Entrepreneur-in-Residence “EIR” Programs

For the past six months, I’ve met some very interesting entrepreneurs who at some point in their professional lives where an “entrepreneur-in-residence” (or “EIR”) for a venture firm. Generally, these individuals had started (and sold) at least two companies and had left the EIR position to pursue a third+ company. The more and more I’ve been thinking about the spectrum between entrepreneur and VC, I started to see the EIR as a role that maybe somewhere in the middle. But, I don’t know this field that well, so I started to ask around, and am trying to learn more. I’m reproducing below some parts of a dialog I’ve had with a really sharp (and nice) climate technology VC, who himself is the type of person that fits the EIR bill. My hope is to get more comments from folks who have opinions on the matter, and thanks in advance!

Here is the very sharp answer I got from my friend:

EIR programs are for experienced entrepreneurs who are planning to start another company but want to spend a bit of time figuring out what exactly they want to do. In reality this is a way for VCs to try to lock in great entrepreneurs to have a first look at their next gig, and for entrepreneurs to not be lonely while they dig through ideas etc. It also helps to have a look at a VC’s dealflow to get a sense of the market, and to have more immediate feedback from an investor on their own ideas.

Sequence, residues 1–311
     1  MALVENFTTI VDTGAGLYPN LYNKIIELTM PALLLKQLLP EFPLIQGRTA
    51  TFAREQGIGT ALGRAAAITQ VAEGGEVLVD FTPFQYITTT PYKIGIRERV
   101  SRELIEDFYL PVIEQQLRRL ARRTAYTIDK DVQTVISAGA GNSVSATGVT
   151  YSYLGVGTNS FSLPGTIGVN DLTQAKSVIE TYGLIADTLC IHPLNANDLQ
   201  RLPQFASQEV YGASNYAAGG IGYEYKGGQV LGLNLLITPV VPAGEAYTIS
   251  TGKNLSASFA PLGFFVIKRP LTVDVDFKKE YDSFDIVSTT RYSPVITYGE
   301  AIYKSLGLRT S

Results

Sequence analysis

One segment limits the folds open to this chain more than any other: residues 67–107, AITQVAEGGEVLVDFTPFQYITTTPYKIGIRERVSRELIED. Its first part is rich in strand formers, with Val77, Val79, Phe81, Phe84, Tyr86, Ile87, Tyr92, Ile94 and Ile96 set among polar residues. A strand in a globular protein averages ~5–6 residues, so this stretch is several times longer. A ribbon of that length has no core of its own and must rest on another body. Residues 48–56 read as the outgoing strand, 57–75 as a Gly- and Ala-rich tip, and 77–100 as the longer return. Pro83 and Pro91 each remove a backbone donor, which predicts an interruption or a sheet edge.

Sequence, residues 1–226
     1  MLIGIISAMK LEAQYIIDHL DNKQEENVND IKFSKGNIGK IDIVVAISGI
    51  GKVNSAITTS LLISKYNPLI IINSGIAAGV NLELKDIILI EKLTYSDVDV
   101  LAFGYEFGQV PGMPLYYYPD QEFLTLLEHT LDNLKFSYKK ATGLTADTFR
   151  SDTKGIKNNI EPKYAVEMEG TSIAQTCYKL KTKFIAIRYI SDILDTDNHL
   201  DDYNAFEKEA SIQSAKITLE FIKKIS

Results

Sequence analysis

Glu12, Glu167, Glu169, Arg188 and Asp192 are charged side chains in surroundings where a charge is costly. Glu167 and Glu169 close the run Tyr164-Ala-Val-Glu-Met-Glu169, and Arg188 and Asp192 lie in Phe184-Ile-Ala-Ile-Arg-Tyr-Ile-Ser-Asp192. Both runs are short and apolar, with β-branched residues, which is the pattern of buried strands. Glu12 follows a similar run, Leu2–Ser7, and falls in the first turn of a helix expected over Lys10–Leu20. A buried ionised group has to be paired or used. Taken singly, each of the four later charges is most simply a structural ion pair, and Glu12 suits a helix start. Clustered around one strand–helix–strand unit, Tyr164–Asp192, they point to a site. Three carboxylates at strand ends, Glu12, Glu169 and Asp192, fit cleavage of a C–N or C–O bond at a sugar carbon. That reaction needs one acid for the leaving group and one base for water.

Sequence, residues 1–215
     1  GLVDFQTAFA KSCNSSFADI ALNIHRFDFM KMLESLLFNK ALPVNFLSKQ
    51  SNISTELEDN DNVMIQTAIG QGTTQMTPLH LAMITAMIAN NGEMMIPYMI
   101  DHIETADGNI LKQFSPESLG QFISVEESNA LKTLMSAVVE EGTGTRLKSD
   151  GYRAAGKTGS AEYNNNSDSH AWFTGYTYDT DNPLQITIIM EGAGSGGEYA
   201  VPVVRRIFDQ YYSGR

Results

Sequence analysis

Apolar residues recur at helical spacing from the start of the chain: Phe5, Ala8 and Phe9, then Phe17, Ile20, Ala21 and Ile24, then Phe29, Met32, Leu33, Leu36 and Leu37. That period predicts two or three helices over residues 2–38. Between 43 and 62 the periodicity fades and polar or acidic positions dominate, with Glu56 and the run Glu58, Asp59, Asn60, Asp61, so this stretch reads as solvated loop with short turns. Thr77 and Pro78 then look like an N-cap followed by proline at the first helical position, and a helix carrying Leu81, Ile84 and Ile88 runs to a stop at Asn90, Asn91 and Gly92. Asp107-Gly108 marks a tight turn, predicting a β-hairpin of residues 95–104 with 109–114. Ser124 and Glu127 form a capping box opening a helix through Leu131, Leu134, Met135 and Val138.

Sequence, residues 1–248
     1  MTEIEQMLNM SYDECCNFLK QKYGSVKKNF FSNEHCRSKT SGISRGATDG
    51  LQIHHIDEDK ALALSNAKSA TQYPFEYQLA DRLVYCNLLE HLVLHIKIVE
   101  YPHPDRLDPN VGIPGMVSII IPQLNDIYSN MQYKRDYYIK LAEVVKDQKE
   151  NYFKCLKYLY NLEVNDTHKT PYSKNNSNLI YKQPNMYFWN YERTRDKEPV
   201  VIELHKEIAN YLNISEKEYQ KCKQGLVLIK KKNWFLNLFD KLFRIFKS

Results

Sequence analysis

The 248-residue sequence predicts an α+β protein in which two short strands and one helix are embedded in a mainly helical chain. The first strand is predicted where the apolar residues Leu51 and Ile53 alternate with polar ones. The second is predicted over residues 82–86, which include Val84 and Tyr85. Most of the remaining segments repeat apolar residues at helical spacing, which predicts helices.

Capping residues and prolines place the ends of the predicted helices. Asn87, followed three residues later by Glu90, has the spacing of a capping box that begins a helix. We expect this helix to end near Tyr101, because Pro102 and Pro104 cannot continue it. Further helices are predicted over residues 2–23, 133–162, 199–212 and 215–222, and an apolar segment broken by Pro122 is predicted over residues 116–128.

Typical EIRs are those who are really creative and are more interesting in building something big and unique in a large space than just finding a technology and spinning it out (though that also happens successfully). VCs look for people who know what it means to (a) find a big idea, (b) build that idea into a business proposition, (c) build a team around it, (c) rally financing, and (d) are fit to be a part of the newco leadership. Most importantly, EIRs create their own business and are the sausage makers that all new businesses need in the beginning. Most often they either become the CEO or VP BD in those organizations. Very very infrequently do EIR positions convert into full-time VC roles.

EIRs are typically either (a) a successful entrepreneur, or (b) someone a particular VC partner really wants to work with. In either case, EIRs walk in with a bit of a heavy weight resume. If you have built a company and either successfully exited, or at least did something interesting with it, you at least have a shot. One or more VC partners have to want to back you…I don’t think EIRs are chosen without one of the partners raising their hand and saying if this guy come sup with something interesting, they would want to back him up. Often EIRs enter with some idea of where they would like to focus (and have some reason why they might be successful): eg I might be a candidate for an EIR in either chemicals or automotive space unless I could show I have an interesting view on some other space. 
Let me say it this way: if an EIR does not start a company within 12-18 months, he/she is probably looked at as someone who is either (a) one trick pony, (b) not really interested in doing a startup, (c) maybe not creative/entrepreneurial enough.